In today’s market, we are seeing an increase in the number of commercial leases that are being terminated early. Indeed, I am often retained to help in lease termination negotiations.
Here are four things to consider during such negotiations:
1. Mitigating Damages: In general the commercial property landlord has a duty to mitigate its damages. That means if a commercial tenant vacates or abandons the leased premises prior to the expiration of the lease term, the landlord must take steps to re-let the premises after following the appropriate procedures to make sure the tenant truly is no longer in possession. In other words, the commercial landlord cannot sit idle and let the premises be vacant and expect to collect the missing rent from the breaching tenant.
2. Lessor (Landlord) is Not Entitled to a Double Recovery: In California, if the landlord re-lets the premises after abandonment by the former tenant, the landlord cannot attempt to collect rent from both the prior and current tenant.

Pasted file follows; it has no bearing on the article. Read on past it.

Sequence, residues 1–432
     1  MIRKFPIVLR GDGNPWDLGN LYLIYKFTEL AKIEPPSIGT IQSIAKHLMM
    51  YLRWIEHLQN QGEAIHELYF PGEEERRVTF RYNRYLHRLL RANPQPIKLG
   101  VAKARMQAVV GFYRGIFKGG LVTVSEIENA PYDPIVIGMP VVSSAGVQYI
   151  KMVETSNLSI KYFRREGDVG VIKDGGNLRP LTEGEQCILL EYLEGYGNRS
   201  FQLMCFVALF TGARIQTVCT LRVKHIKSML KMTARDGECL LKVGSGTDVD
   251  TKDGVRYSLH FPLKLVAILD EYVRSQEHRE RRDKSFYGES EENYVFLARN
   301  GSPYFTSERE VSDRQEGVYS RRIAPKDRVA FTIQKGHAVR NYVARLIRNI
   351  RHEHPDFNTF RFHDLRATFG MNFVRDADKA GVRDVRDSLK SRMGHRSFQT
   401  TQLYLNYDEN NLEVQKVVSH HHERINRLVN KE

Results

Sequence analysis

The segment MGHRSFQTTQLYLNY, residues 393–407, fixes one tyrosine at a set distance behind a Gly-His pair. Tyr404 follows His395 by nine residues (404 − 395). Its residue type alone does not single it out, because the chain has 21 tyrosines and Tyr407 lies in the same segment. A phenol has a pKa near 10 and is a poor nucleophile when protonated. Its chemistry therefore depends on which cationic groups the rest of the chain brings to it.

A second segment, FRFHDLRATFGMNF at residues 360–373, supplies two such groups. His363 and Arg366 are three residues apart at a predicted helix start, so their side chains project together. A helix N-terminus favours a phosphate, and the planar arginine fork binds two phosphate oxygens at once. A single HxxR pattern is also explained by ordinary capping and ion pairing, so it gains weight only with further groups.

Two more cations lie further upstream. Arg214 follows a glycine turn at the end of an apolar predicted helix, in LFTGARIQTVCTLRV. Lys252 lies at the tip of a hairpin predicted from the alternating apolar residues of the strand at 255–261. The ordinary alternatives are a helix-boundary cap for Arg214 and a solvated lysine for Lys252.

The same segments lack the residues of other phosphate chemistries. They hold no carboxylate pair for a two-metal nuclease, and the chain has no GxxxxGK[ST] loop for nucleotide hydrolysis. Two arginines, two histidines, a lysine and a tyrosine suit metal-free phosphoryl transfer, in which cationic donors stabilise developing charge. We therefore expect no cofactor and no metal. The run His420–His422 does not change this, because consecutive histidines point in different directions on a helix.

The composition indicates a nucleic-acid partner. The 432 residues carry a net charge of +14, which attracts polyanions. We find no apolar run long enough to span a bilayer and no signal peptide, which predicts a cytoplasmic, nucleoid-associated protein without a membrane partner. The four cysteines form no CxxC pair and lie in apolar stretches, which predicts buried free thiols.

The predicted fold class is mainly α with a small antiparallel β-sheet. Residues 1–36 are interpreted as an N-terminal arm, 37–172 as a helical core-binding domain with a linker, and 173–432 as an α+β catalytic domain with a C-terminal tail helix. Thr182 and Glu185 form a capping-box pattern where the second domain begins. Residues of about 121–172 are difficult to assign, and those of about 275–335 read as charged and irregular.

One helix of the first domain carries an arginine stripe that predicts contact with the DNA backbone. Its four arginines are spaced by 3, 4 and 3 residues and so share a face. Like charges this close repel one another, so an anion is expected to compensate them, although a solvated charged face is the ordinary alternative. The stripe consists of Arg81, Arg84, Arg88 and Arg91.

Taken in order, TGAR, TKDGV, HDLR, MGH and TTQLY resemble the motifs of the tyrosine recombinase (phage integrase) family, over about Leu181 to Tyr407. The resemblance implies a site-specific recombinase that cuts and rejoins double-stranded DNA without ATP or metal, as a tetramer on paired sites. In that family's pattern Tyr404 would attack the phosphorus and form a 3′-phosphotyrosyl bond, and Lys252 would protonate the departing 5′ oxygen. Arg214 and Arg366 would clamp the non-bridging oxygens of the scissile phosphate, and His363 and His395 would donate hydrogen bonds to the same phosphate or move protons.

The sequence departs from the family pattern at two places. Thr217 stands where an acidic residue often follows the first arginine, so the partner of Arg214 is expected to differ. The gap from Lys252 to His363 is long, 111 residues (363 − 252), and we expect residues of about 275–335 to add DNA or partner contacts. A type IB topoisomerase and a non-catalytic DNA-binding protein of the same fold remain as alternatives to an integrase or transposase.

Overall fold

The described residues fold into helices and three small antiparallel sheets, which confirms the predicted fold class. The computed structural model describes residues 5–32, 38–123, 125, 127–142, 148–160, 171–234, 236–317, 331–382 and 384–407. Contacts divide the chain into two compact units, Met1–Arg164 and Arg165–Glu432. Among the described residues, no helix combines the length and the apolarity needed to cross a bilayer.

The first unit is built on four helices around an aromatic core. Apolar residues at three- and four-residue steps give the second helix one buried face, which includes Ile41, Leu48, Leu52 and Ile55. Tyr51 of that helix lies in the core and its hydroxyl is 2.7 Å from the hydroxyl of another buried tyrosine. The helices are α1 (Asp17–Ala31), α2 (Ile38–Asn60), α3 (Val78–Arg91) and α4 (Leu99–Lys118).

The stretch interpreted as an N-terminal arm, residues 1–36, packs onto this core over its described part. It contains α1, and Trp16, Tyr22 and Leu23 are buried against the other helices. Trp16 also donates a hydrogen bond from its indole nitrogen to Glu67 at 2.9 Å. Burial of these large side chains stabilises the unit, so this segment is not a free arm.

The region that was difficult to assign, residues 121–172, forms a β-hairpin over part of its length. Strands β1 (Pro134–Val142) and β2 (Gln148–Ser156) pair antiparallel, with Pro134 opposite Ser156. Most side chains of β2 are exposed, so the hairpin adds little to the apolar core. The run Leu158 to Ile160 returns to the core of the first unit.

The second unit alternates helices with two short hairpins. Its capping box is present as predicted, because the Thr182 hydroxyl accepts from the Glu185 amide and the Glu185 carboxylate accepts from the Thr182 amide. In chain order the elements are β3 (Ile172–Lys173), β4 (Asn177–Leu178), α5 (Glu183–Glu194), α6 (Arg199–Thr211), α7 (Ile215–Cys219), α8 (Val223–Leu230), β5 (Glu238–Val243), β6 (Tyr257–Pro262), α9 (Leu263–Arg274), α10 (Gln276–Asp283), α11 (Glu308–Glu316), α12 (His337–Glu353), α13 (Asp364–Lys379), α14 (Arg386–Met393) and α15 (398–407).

3. No Increased Recovery: The landlord claiming to be damaged by the breach of the lease cannot recover more on the breach than the landlord would have received had the tenant continued in possession of the leased premises.
4. Former Tenant is Entitled to an Offset: If the commercial real estate landlord is able to re-let the premises for the balance of the prior lease term, the landlord must offset its increased rent against its damages for the period of time where he was not collecting rent from the prior tenant. Willis v. Soda Shoppes of California, Inc. (1982) 134 Cal. App. 3d. 899, 903-905. This makes sure that the landlord does not obtain a windfall.